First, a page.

Posted on Tue 21st of April at 3:28 pm
Cultivating Digital Citizenship Together
By Kim Sanchez
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What does Digital Citizenship mean to you? If terms like digital literacy, ethics, etiquette, online safety, come to mind, you’re right on track. The term is all-encompassing, and is usually defined as “the responsible and appropriate use of technology.” Yet, understanding the consequences of not practicing good digital citizenship, is not always inherent.
For example, we know from the Microsoft Computing Safety Index that 77 percent of respondents in Australia said they’ve experienced multiple online risks, with only 21 percent taking several proactive steps needed to help protect themselves online. What’s more, password or account-information theft was cited as a concern for 53 percent of respondents, with 37 percent saying they use secure websites, and less than half acknowledging they educate themselves about the latest steps to help prevent identity theft. It’s necessary to manage all of these concerns in order to be a good digital citizen. So where does one start?
In an effort to help create a culture of positive engagement online and foster responsible use of technology, the ACMA has recently launched their Digital Citizens Guide, and three key messages ofEngage Positively, Choose Consciously and Know Your Online world(www.cybersmart.gov.au/digitalcitizens).
This new resource provides tools and resources to help make positive decisions online, guidance to help live your digital life to the fullest, and information on how to help teach others, about developing better online habits. I applaud the ACMA for its role in helping Australian’s and all of us think about modeling and fostering the type behavior online we want to have and for others to follow.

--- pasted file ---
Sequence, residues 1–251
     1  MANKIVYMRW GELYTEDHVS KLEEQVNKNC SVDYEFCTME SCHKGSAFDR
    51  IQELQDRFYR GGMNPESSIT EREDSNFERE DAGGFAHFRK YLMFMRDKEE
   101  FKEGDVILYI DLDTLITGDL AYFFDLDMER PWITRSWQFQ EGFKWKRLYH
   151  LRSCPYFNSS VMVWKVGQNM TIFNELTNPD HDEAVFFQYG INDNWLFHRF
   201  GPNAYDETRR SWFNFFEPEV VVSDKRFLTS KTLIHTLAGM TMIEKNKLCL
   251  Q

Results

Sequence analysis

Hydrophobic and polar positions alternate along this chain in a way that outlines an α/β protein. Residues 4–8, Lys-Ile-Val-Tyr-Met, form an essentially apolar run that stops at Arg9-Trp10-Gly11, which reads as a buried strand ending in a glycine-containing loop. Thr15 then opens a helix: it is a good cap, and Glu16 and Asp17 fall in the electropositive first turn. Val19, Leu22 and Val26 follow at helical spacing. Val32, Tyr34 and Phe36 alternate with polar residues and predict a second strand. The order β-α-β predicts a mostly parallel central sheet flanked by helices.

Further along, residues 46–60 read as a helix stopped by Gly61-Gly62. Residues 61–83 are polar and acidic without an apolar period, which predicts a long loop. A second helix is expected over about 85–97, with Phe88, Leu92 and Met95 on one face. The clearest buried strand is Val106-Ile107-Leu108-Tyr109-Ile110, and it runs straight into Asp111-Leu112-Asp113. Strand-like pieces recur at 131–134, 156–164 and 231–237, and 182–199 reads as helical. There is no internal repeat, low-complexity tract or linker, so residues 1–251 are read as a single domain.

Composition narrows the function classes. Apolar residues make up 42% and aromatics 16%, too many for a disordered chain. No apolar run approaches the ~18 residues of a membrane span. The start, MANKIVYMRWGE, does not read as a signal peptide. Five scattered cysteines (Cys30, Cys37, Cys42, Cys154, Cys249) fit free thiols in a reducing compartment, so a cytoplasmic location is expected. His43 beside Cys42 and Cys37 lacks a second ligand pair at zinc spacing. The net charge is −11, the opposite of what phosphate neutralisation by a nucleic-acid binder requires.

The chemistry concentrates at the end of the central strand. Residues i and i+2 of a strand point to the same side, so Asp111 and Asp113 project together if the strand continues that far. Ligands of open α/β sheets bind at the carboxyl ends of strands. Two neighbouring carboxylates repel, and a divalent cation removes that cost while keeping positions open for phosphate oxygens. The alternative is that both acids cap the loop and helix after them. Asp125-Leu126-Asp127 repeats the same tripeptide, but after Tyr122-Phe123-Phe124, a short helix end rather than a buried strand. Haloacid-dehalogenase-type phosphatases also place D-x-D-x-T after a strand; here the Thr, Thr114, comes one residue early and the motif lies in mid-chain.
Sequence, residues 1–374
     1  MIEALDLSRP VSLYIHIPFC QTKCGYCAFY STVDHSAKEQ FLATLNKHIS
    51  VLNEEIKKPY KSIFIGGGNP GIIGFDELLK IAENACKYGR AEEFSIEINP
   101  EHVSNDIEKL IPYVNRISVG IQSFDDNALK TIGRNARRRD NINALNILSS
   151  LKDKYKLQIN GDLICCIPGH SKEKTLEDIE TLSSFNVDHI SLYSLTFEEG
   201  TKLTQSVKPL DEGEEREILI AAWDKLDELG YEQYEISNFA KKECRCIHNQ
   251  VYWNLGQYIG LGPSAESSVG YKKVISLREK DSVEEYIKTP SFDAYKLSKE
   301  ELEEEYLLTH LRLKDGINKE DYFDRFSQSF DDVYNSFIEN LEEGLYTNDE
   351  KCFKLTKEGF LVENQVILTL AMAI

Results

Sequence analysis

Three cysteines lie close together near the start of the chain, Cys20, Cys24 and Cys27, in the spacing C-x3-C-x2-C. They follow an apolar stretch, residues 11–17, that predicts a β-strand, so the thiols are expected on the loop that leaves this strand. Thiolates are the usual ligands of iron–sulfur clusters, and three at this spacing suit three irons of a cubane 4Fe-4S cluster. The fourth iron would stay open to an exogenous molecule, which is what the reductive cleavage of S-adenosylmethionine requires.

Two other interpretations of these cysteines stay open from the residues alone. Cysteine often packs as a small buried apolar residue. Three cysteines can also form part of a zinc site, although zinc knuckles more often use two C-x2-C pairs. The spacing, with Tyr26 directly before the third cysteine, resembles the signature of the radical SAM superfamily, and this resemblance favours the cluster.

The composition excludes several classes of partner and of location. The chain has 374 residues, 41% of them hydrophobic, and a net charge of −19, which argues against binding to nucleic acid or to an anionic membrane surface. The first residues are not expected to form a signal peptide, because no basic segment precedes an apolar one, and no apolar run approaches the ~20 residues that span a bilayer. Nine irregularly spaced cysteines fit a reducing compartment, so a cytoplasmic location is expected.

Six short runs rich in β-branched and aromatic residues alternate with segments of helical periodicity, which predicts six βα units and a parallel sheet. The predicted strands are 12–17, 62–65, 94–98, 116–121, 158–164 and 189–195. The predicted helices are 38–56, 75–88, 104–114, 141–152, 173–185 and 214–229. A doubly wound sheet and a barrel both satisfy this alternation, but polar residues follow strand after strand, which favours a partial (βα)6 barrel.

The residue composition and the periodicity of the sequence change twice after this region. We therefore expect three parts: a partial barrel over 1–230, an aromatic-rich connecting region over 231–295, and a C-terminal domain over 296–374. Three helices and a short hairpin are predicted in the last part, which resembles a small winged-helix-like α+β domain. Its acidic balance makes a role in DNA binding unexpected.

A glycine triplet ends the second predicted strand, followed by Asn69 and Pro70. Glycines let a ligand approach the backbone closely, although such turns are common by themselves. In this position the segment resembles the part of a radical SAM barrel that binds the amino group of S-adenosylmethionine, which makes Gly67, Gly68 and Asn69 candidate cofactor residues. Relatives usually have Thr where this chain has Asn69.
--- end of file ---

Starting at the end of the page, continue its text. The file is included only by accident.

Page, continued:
In addition, Microsoft suggests these top three tips to help people worldwide stay safer online – at home, at work, and on the go, these tips can be linked to the ACMA’s Digital Citizen’s Guide:
Protect your computer and your accounts: Keep all software (including your browser) current with automatic updating and install legitimate antivirus and antispyware software.
Know your online world
Look for signs that a webpage is secure and legitimate. Before you enter sensitive data, check for evidence of encryption, meaning a web address with https (“s” stands for secure), and a closed padlock beside it. (The lock might also be in the lower right corner of the window.)
Reduce spam in your inbox. Share your primary email address and instant messaging name only with people you know in person and with reputable organizations. Avoid listing them on your social network page, in Internet directories (like white pages), or on job-posting sites.
No matter where or how people access the Internet, exercising positive online behavior should be a part of our daily online routine. For additional guidance, regularly check our Safety & Security Center, where all of our tools and materials are housed, including our Digital Citizenship in Action Toolkit. “Like” our page on Facebook, and follow us on Twitter. Get proactive and get involved – engage positively in the online world!